There may be couples as meticulous and thorough when considering parenthood as Nir Paldi and George Mann do in their quick-paced performance of “No Kids,” running through Saturday at Iseman Theater as part of the International Festival of Arts & Ideas. Yet few do so with as much vim, veracity and imagination as Paldi and Mann.
“No Kids,” a rivetingly seamless piece the couple wrote (and directed, as well), is a physical and artistic achievement for this dynamic duo as they roll out everything but a big brass band to illustrate points and keep the story visually, aurally and intellectually interesting. Both Paldi and Mann, a married couple on stage and off, are alums of the highly regarded École Internationale de Théatre Jacques Lecoq in Paris, where physical storytelling is paramount. Paldi and Mann rarely sit still as they play several characters throughout, even trading on and off with each as characters in the same scene. They dance, rap, stroll a baby carriage, change costume pieces and lip-sync to Madonna at a dazzling pace.
“No Kids” opens with Paldi and Mann tautly face to face, squared off in each other’s eyes. They appear deadlocked in silent gaze sufficient to raise tension before the performance shifts into musical vaudeville in which Paldi and Mann are their own pit orchestra, replacing strings, brass and reeds with words and flexible limbs.
As “No Kids” is decidedly presentational, Paldi and Mann directly address their audience as themselves and proceed to zip through vast research and exposition with pared down patter complemented by their fluid yet specific physicality. Then, with no more illustration than a light cue, each instantly becomes a physician, a social worker, a potential surrogate, their hypothetical child and themselves as children to act out sketches.
These scenes anchor the performance. Here Paldi and Mann start and often finish critical moments in their present life, hypothetical future and haunting pasts. The tone of these scenes flows from giddy anticipation to justified doubt throughout the 65-minute performance. The sketches portray the couple’s investigation of first surrogacy and then adoption. They explore the pros and cons of both scenarios, calling upon professional experts, friends and their own memories. They seriously study the implications of what bringing a child into the world has on Mother Earth. They visualize the joys of doting over their toddler, the anxiety of being the only same-sex parents in their son’s class, and a raging teenager spewing verbal homophobia in their faces.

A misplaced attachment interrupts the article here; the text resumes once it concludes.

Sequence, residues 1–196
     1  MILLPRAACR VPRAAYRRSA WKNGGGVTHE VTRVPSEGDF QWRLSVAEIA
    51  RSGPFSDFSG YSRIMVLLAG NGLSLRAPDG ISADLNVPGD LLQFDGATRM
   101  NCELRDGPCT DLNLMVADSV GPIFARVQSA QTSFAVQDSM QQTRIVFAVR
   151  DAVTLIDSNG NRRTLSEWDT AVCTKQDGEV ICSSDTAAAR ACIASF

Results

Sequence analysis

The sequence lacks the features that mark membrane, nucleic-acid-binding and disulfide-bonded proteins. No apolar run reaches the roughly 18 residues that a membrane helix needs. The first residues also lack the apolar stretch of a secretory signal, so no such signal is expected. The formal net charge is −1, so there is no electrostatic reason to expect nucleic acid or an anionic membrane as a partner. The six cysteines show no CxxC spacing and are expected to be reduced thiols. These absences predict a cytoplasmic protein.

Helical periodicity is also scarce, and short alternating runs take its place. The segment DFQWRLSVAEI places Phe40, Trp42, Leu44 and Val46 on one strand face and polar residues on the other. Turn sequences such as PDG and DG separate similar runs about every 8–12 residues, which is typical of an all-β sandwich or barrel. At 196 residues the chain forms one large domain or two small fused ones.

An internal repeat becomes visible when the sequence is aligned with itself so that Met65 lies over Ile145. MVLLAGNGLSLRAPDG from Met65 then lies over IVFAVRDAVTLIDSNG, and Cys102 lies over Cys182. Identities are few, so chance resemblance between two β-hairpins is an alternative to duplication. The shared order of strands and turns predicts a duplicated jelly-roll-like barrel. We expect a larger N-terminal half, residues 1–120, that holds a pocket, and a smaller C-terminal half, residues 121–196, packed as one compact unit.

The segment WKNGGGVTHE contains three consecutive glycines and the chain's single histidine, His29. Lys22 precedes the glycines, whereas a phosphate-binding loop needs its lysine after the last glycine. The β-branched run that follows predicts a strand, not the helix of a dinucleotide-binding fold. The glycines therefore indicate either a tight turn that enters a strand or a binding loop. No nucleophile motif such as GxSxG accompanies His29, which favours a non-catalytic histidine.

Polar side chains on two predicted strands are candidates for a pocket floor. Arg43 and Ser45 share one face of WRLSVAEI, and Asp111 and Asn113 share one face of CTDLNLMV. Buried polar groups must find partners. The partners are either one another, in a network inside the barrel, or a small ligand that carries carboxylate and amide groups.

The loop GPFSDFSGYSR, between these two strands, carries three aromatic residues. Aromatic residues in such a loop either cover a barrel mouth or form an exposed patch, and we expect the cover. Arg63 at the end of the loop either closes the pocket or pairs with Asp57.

Paldi and Mann also confront their own relationship on this journey. Do they both want a child with equal passion? Do they share doubts? Does one partner want a child dangerously more than the other? The would-be parents start each discussion reasonably but often enough their discourse grows dour, stirred and shaken by the institutionalized social assault that each has endured since childhood.
Observing Paldi and Mann bare their deepest wounds so baldly strongly suggests that few of us consider the consequences of our actions as nearly as we should. It also proves that, like many clowns, Paldi and Mann are genuinely good actors. Just as each knows precisely how far to press for laughs, they both intuit how to play against obvious or disingenuous pathos. These guys are not just clowns.
Though by no means a traditional musical, “No Kids” greatly benefits from Chris Bartholomew’s sound design and musical composition, which is conspicuous only for its subtle, ironic wit and aptness of musical punctuation. Matt Leventhall’s light design and Anna Orton’s sparse set and plentiful costumes support the production perfectly.
“No Kids” is a delightful breath of fresh air and one you’ll not likely encounter again in these parts for a spell. It’ll make you forget that you have a cellphone, for an hour at least.